Liberated Parents Liberated Children
a book by Adele Faber and Elaine Mazlish
(our site's book review)
One of the authoritative parenting methods is the Ginott method. Haim G. Ginott is the proponent/author of this method and Adele Faber and Elaine Mazlish advocate Ginott's method also. It differs from P.E.T. in that it includes logical consequences in its parenting toolbox. Like STEP (Systematic Training for Effective Parenting), Active Parenting, Winning Family Lifeskills, Positive Discipline, Redirecting Children’s Behavior, and Positive Parenting (which we call any Dreikurs-styled authoritative parenting that is not any of the aforementioned methods or the Ginott method), it relies on wisdom from the likes of Alfred Adler, Rudolf Dreikurs, Abraham Maslow, and others, to greater or lesser degrees.
All of these methods advocate natural consequences and nonpunitive logical consequences and can be called authoritative parenting (methods which discourage all permissive and authoritarian tactics) and democratic parenting (since they believe in equality, rights, win-win and avoidance of power trips from anyone). P.E.T. is also authoritative and democratic (see Authoritative Parenting Programs), but it tries to avoid even the slightest taint of punitive strategies by rejecting logical consequences—which all these other methods find necessary (except Aware Parenting, Connection Parenting, Discipline Without Distress, Nonviolent Communication (N.V.C.), and Alfie Kohn's Unconditional Parenting, all of which reject logical consequences like P.E.T.), even though they accept logical consequences only of the nonpunitive variety.
*Praise is a bad way of instilling self-esteem—it produces not self-esteem but dependency; verbally encouraging is bad for kids if it is done with You statements but good for kids if it is done with I statements ("I'm wondering how you felt when you drew that" or "I appreciate it when you help with dishes")
The authors advocate letting kids find out for themselves and solve their own problems as much as possible, restricting kids’ actions but not their feelings—which are all to be allowed. They recommend active listening, childproofing environments that kids are supposed to play in, using the constructive type of praise* that tells how you feel rather than defines the kid in any way, encouraging autonomy, and avoiding the wrong type of adjectives (“good” boy, “bad” boy).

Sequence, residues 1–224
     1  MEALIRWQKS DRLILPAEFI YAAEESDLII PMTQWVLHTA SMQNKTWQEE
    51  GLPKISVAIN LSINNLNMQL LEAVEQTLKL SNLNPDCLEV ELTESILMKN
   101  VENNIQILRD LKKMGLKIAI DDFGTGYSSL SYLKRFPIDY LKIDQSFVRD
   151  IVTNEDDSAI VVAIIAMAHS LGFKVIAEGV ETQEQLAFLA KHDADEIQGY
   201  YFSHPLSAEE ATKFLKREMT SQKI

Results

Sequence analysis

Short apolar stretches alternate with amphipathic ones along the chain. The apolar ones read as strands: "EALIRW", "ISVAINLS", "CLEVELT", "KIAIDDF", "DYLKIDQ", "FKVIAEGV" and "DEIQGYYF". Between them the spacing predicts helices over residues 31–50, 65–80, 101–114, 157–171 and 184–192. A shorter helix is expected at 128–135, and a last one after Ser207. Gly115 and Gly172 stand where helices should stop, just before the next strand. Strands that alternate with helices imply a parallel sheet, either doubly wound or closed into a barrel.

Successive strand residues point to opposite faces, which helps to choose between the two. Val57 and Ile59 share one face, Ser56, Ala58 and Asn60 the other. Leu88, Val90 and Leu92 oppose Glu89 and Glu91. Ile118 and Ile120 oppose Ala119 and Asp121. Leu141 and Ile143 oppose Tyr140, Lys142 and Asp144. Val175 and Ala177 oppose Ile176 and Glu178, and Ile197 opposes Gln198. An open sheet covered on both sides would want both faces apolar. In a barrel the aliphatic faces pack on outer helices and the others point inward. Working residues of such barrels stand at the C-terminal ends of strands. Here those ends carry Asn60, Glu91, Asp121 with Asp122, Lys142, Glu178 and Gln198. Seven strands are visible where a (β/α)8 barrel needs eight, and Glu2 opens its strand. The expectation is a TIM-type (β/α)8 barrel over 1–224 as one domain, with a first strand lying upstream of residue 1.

Based upon the authoritative parenting taught by the late child psychologist Dr. Haim Ginott, the authors warn us away from permissive or authoritarian child-raising, shunning the ineffective rewards and punishments of the behaviorists, and instead backing consequences based training that helps teach self-control while it encourages self-esteem. Their method differs from P.E.T. mostly in that it allows parents to set limits and rules, and in the fact that P.E.T. is more comprehensive and complete. With both P.E.T. and the Ginott method there’s problem-solving and agreements reached democratically, but Faber and Mazlish give kids reminder notes and verbalizations that may functionally put parents in the middle of kids’ responsibilities and problems and sometimes sound like covert nagging.
Reminder notes to kids put parents in the middle of kids’ responsibilities and sometimes sound like covert nagging
For a fuller discussion on logical vs. natural consequences, see the comments on the book Happy Children by Rudolf Dreikurs, and elsewhere in this site.
To find discussions of punitive vs. nonpunitive authoritative parenting, check out both Authoritative Parenting Programs and comments on Diana Baumrind’s works. Her ideas about “firm control” define the conservative end of the authoritative parenting continuum, while Gordon’s ideas on avoiding logical consequences and relying on natural consequences to provide all consequences training define the liberal (or Carl Rogers) end of that continuum. Alfie Kohn's Unconditional Parenting is also on the liberal end of that continuum.